West Germany in '50s is becoming an economic superpower. In such climate, Rosemarie is just one of many enterpreneurs who wants her piece of new fortune. She uses her charms to bring ... See full summary »
Lucienne, typist and gorgeous bathing beauty, decides to enter the 'Miss Europe' pageant sponsored by the French newspaper she works for. She finds her jealous lover Andre violently ... See full summary »
After killing her treacherous step-father, a girl tries to escape the country with a young vagabond. She dresses as a boy, they hop freight trains, quarrel with a group of hobos, and steal ... See full summary »
William A. Wellman
The teenage girl is first seen confessing and warned about having any impure thoughts or feelings. Her family has boarders and one day a young man moves in and they fall in love. He is ... See full summary »
An American lawyer on vacation in Europe is asked by a book publisher to stop by the Austrian town of Salzburg to see a photographer who's taking pictures for a book on picturesque Austrian... See full summary »
Lee H. Katzin
Klaus Maria Brandauer
Lulu loves Henrik. There's no doubt in her mind: "What are we waiting for?" She's a gallery owner and he is one of her biggest clients. Henrik is crazy about Lulu as well, although he is ... See full summary »
Caroline Sascha Cogez
Jens Jørn Spottag,
Andreas Holm Dittmer
This Pandora's Box Remake is, Unfortunately, Weaker than the Louise Brooks Version
This 1962 remake of Pandora's Box by Austrian director Rolfe Thiel is a lesser vehicle than the 1929 silent version. Nonetheless, it is competently made with good use of black and white cinematography imparting the atmosphere of the Weimar Republic.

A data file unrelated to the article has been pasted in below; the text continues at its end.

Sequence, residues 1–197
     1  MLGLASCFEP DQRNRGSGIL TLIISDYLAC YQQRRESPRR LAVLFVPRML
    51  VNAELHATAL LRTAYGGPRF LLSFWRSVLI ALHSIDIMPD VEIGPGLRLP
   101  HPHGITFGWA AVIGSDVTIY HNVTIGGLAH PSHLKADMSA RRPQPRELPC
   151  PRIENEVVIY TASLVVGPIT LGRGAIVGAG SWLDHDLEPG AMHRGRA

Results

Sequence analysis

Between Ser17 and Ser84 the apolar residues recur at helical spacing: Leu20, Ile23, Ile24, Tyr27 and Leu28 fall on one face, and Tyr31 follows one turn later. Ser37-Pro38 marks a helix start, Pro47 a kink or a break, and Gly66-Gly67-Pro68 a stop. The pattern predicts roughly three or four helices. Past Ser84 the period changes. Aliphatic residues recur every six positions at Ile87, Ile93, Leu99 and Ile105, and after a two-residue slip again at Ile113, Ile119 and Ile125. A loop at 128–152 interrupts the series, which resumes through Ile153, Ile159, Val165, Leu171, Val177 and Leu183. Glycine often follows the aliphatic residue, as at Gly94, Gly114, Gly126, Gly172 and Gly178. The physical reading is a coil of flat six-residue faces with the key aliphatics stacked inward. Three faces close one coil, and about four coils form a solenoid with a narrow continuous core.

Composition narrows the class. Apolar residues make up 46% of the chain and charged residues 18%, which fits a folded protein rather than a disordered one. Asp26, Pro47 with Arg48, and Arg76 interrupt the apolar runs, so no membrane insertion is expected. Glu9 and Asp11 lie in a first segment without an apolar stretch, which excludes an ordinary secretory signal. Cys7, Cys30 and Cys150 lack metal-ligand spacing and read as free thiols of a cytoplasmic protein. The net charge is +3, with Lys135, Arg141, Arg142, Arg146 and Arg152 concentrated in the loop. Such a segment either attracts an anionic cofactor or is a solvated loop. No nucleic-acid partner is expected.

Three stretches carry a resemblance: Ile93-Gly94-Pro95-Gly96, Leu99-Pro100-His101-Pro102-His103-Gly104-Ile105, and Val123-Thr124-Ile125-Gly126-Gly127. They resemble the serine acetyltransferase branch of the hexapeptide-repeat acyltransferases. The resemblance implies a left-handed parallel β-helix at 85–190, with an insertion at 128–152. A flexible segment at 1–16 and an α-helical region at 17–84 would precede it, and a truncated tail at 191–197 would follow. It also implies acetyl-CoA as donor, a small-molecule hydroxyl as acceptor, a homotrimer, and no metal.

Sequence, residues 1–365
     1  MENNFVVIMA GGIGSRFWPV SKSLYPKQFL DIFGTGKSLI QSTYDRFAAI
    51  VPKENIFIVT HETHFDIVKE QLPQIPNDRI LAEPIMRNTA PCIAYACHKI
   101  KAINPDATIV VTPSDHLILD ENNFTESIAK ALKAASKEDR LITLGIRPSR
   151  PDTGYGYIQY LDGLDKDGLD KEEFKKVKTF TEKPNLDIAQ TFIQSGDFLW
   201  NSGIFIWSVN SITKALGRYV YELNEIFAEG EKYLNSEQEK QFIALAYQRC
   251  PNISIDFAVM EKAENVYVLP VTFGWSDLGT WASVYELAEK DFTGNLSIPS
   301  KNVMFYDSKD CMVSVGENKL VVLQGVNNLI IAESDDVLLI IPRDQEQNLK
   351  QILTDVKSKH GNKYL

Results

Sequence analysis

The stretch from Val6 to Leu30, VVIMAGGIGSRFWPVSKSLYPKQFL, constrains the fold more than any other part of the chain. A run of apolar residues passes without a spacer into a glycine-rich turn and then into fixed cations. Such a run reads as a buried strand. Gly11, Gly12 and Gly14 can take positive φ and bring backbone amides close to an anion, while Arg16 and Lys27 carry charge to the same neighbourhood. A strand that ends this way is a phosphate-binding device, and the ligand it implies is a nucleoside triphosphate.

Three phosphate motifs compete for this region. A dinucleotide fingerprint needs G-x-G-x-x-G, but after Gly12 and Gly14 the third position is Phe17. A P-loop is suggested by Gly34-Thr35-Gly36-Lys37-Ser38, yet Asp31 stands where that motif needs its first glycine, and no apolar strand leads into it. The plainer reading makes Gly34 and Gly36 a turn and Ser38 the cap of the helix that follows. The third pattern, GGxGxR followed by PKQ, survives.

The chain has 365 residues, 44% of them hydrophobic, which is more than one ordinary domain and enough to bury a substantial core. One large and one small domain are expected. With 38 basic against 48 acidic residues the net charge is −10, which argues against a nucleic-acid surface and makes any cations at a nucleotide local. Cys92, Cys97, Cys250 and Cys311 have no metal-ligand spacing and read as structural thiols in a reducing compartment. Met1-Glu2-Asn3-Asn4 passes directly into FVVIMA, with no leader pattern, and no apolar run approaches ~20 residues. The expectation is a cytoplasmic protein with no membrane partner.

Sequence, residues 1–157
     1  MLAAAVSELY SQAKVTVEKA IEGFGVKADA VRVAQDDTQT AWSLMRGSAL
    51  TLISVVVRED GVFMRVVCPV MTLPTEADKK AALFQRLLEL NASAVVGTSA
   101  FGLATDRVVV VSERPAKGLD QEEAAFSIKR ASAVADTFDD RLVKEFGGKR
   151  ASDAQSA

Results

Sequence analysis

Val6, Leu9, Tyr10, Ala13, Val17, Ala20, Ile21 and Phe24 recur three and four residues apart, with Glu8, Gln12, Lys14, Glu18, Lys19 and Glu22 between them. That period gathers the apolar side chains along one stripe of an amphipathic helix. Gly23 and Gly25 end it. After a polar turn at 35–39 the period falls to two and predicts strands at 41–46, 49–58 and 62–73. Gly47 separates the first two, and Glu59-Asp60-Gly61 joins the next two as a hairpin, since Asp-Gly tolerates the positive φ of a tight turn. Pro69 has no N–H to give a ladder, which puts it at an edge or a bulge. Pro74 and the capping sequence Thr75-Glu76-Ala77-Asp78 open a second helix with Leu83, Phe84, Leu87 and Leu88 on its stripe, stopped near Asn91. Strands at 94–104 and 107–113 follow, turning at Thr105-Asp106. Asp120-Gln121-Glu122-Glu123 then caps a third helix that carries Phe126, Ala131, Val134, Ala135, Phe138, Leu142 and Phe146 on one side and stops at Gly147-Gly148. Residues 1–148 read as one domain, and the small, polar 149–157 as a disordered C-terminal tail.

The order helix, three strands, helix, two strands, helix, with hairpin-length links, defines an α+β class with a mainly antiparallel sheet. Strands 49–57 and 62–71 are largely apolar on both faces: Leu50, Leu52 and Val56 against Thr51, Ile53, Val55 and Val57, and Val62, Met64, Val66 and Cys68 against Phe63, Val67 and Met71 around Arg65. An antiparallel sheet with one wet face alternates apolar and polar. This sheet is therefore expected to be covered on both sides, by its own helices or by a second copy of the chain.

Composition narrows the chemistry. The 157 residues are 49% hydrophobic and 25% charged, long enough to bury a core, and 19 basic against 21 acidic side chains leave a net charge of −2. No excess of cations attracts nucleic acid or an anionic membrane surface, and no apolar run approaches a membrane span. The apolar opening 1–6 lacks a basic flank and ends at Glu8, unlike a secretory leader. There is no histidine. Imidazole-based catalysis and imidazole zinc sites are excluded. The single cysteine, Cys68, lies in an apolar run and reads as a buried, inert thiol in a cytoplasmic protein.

Nadja Tiller is by no means incompetent in the lead role but she is by no means as iconic as Louise Brooks. Making her a blonde was probably a good idea to reinforce the notion that this is a different film with a different Lulu but it also makes her that much less memorable than Louise with her trademark appearance.
Liberal use is made of soft-focus photography, emphasising that the film is set in the part and highlighting the vulnerability of its lead.
Overall, though, scenes are less well-orchestrated than in the previous version. There is no ambiguity here as to whether or not Lulu pulls the trigger to kill her lover and there is little tension at the end when Jack the Ripper appears. The murder happens so quickly, one feels the film is very much anti-climactic.
The narrative is told in a straightforward, realist manner and lacks bravura. It is a competently-made film and, perhaps an overlooked one but it is difficult not to compare it to its predecessor and it pales by comparison.
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